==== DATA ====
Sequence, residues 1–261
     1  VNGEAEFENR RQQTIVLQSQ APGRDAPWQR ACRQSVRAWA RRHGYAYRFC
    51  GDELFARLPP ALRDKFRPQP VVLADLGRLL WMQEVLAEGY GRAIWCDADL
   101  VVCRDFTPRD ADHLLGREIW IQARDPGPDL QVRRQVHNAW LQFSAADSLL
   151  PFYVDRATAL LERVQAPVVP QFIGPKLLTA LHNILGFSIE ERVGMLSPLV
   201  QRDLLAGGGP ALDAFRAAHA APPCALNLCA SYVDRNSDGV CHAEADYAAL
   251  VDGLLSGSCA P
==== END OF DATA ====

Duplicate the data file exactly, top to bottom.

Sequence, residues 1–261
     1  VNGEAEFENR RQQTIVLQSQ APGRDAPWQR ACRQSVRAWA RRHGYAYRFC
    51  GDELFARLPP ALRDKFRPQP VVLADLGRLL WMQEVLAEGY GRAIWCDADL
   101  VVCRDFTPRD ADHLLGREIW IQARDPGPDL QVRRQVHNAW LQFSAADSLL
   151  PFYVDRATAL LERVQAPVVP QFIGPKLLTA LHNILGFSIE ERVGMLSPLV
   201  QRDLLAGGGP ALDAFRAAHA APPCALNLCA SYVDRNSDGV CHAEADYAAL
   251  VDGLLSGSCA P